Around the World in 42 Days

By Capt. Sean RutanheninghamOctober 4, 2020

Newest ARL Awaits Flight to Korea
1 / 2 Show Caption + Hide Caption – The 3rd Military Intelligence Battalion, 501st Military Intelligence Brigade's newest Aerial Reconnaissance Low (ARL) aircraft awaited its long flight to the Republic of Korea just off the runway at the airfield in Ardmore, Oklahoma, beginning on July 25, 2020. (Photo Credit: Chief Warrant Officer 4 Johnny Boston) VIEW ORIGINAL
3rd Military Intelligence Battalion Welcomes its Newest Addition
2 / 2 Show Caption + Hide Caption – 3rd Military Intelligence Battalion, 501st Military Intelligence Brigade, welcomes it's newest Aerial Reconnaissance Low (ARL) aircraft upon its arrival at the USAG Humphreys' airfield, Aug. 13, 2020. (Photo Credit: Kurt Van Slooten) VIEW ORIGINAL

The convenience and efficiency of transoceanic travel has improved immensely since the days of Magellan. What was once a tale fraught with storms and disease is now a half-day trip with Wi-Fi and beverage service.

Somewhere in between (COVID-19 notwithstanding) lies the story of N177RA, the most recent Aerial Reconnaissance Low (ARL) added to the 501st Military Intelligence Brigade. Ferried by Alpha Company, 3rd Military Intelligence Battalion pilots Chief Warrant Officer 4 Johnny Boston and Chief Warrant Officer 2 Dave Henry, the latest addition joins the brigade ready to provide collection support to United States and Republic of Korea (ROK) partners across the peninsula.

The ARL is an intelligence, surveillance, and reconnaissance (ISR) platform developed from the de Havilland Canada Dash 7 (DHC-7), a turboprop regional airliner first manufactured in 1975. What it lacks in modern amenities it makes up for in reliability, continuing to conduct daily flights in support of United States Forces Korea's priority intelligence requirements.

As the last operational unit in the United States military services flying DHC-7s, 3rd MI Battalion will leverage all available opportunities to continue a heritage of ISR support to the Republic of Korea to strengthen the alliance.

Although the decision to transition this aircraft to the 501st MI Brigade was an easy one, the task itself was not. The crew began planning June 15; considering weather, performance, fuel, winds, and a myriad of other variables to bring the aircraft to its new home safely.

On July 2, they departed Incheon flying commercially to Dallas, Texas to transition to Ardmore, Oklahoma, where the ARL had been undergoing a series of modifications and corrosion inspections. From July 10 to 25, the crew conducted five different maintenance test flights and an air-out flight to ensure the aircraft was ready for its intercontinental flight. Maintenance test flights are multi-hour systems checks that analyze everything from propeller governors to aircraft pressurization during both ground and air operations. On July 25, with all necessary flight tests complete, the crew departed for the Republic of Korea.

The DHC-7, unlike modern passenger jets that can transit sans layover from New York City to Seoul, travels much slower and carries substantially less fuel. Each leg traveled over the span of the ferry flight was hand-selected considering fuel requirements, facility availability, and optimizing flight hours and crew endurance to avoid maintenance complications inherent to shutting down then restarting engines hours later. Stops crossing North America included Bozeman, Montana; Seattle, Washington; and Anchorage, Alaska.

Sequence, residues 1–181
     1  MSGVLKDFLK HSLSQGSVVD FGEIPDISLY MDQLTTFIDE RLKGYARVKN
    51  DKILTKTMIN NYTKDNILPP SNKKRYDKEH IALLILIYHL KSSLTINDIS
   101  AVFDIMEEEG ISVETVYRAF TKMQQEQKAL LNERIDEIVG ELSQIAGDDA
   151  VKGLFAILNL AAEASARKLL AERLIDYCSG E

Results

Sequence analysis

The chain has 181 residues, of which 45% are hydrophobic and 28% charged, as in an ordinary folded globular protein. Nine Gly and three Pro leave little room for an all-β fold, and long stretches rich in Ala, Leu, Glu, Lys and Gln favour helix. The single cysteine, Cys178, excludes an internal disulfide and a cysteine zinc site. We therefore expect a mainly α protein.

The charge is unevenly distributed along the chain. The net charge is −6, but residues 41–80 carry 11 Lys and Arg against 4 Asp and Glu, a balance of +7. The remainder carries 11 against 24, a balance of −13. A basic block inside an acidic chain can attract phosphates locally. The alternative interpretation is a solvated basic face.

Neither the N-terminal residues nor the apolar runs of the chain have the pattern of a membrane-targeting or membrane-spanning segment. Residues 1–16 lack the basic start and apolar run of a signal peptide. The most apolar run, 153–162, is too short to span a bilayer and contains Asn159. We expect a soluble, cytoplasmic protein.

In Anchorage, the crew spent the 10 days resetting for the pending time zone shifts and waiting for the perfect weather conditions for the next leg of their journey. The COVID-19 restriction of movement considerations made the stay a relatively dreary experience.

Since a straight flight across an ocean is impossible with a DHC-7, any route selected requires ideal wind and ceiling conditions for the duration of the flight, as small islands with runways tend to lack viable, proximate alternate airfields. One popular choice during the Cold War, and the next stop of the ferry flight, was Shemya, Alaska. Shemya, one of the few sparsely populated members of the Aleutian Islands, is a small island 1,200 miles southwest of Anchorage that features a 10,000 foot runway. Due to the distance from mainland, and the sea fog that covers Shemya on a regular basis, the crew had to conduct daily weather briefs and analysis to pick the opportune time to launch.

On Aug. 6, the ideal window appeared and the crew made the trek with regular weather updates from their fellow pilots back at USAG Humphreys. On Aug. 8, weather forecasts promised calm winds, and the crew departed from Shemya on their longest leg, a 9.4-hour flight to Misawa, Japan.

After a 72-hour reset, and a short hop to Osan Air Base for customs, the aircrew returned to USAG Humphreys with their newest aircraft to start a fourteen day quarantine after arriving on Aug. 13.

The battalion's newest ARL is undergoing its final maintenance and mission configuration checks to ready it for years of support to USFK and ROK partners. It will be immediately integrated into exercises supporting 2nd Combat Aviation Brigade, 25th Fighter Squadron, and the ROK Navy over the next two months, and the investment that went into ferrying the plane to Korea will be paid forward substantially.

The 501st Military Intelligence Brigade provides indications and early warning of actions by opposing forces that could threaten the tense but stable peace in the Republic of Korea. In the event of hostilities, the brigade’s mission shifts to providing combined, multi-discipline intelligence and force protection support to the United Nations Command/Combined Forces Command, the CFC Ground Component Command and their subordinate units.